LARRY HOGAN SR. DIES: Lawrence J. Hogan Sr., the father of Maryland’s governor who earned a reputation as a tough and independent-minded politician during three terms in the House of Representatives and one term as Prince George’s County executive, died Thursday at Anne Arundel Medical Center of complications from a stroke, reports Jacques Kelly for the Sun. He was 88.
- The AP is reporting that Hogan suffered a major stroke Saturday and his condition later took a turn for the worse, Doug Mayer, a spokesman for the governor, said Thursday as the younger Hogan canceled his appointments to be with his father.
“He leaves behind a loving family, countless friends and admirers, and a lasting legacy that won’t be forgotten,” the governor said in a statement posted on Facebook.
- The younger Hogan grew up in politics working campaigns for his father. The elder Hogan served in Congress representing the 5th District, which included Prince George’s and Charles counties, from 1969-1975, writes Bryan Sears for the Daily Record. “While many of my friends were flipping through comic books, I was reading the Congressional Record,” Larry Hogan Jr. told the Post in 2014.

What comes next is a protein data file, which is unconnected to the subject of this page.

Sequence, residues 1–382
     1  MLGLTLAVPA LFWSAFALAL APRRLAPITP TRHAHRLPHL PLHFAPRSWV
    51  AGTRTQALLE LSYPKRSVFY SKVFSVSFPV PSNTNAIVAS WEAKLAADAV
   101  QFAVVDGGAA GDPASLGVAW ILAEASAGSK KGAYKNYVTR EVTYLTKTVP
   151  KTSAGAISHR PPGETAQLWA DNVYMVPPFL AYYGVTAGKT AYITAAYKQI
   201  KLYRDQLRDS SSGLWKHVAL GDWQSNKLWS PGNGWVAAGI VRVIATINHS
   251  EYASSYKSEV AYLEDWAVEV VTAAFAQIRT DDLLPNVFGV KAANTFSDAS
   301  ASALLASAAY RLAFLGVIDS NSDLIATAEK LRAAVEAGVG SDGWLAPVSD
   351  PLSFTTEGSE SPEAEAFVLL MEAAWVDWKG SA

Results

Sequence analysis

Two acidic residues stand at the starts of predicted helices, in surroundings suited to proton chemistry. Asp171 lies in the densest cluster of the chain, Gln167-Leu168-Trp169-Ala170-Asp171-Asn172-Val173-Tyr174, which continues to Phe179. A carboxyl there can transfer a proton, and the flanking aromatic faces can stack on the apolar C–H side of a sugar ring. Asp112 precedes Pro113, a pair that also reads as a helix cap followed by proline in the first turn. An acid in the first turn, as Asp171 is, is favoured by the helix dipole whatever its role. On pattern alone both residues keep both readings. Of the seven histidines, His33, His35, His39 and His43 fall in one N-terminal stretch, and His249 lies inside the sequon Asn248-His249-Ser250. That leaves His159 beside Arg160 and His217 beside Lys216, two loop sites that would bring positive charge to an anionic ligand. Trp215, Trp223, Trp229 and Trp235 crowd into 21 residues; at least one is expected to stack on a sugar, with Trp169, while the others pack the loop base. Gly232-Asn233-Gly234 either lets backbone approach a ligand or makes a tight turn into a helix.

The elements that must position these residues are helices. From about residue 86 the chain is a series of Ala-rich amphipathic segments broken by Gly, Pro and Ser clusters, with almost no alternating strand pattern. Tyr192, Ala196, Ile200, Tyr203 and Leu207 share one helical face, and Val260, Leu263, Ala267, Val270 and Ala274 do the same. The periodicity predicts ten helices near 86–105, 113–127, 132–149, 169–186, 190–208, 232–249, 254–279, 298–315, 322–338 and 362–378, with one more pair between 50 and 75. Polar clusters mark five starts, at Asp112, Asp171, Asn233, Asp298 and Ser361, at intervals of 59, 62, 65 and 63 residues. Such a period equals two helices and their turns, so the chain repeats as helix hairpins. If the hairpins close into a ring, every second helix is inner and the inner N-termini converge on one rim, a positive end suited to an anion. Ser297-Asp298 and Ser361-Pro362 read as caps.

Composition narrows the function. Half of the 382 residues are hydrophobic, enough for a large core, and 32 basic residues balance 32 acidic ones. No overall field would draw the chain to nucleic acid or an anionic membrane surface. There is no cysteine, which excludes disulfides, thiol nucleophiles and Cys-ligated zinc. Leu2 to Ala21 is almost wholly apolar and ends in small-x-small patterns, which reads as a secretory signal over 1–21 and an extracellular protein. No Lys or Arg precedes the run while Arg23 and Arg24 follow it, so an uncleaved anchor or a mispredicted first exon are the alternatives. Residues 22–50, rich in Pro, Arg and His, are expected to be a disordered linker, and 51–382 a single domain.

HOGAN CRITICISM OF JUDGE FALLS SHORT: Gov. Larry Hogan has publicly criticized a federal judge weighing whether to allow the state to begin building the Purple Line, saying the judge is biased because of where he lives and his wife’s connection to a group that has opposed the light-rail project. The problem is, report Katherine Shaver and Spencer Hsu for the Post, the governor’s statements about the judge living along the Purple Line route are incorrect, and the “opponent group” for which Hogan said the judge’s wife works appears to be an umbrella civic group whose leaders say they can’t recall her ever attending a meeting.
SAVING METRO: General Manager Paul J. Wiedefeld’s ambitious rescue plan for Metro drew a generally positive response Thursday, but a bitter dissent from the agency’s largest union was a sign of the formidable obstacles he faces, report Robert McCartney, Faiz Siddiqui and Martine Powers in the Post. Wiedefeld’s recommendations are “bad for riders, bad for workers and bad for the region,” Amalgamated Transit Union Local 689 said in a statement.
- In the past, the agency’s funding issues have contributed to subway breakdowns, delays and jurisdictional squabbling. Max Smith of WTOP-AM offers up a list of what riders and area taxpayers need to know about Wiedefeld’s goals for the plan, as well as reaction and what happens next.
FIX FOR CROWDED I-270: At a news conference in Potomac this week, Gov. Larry Hogan announced a $100 million project to reduce traffic congestion on I-270. According to the governor, I-270 is the most congested traffic corridor in the state of Maryland, Sonya Burke of MyMCMedia writes.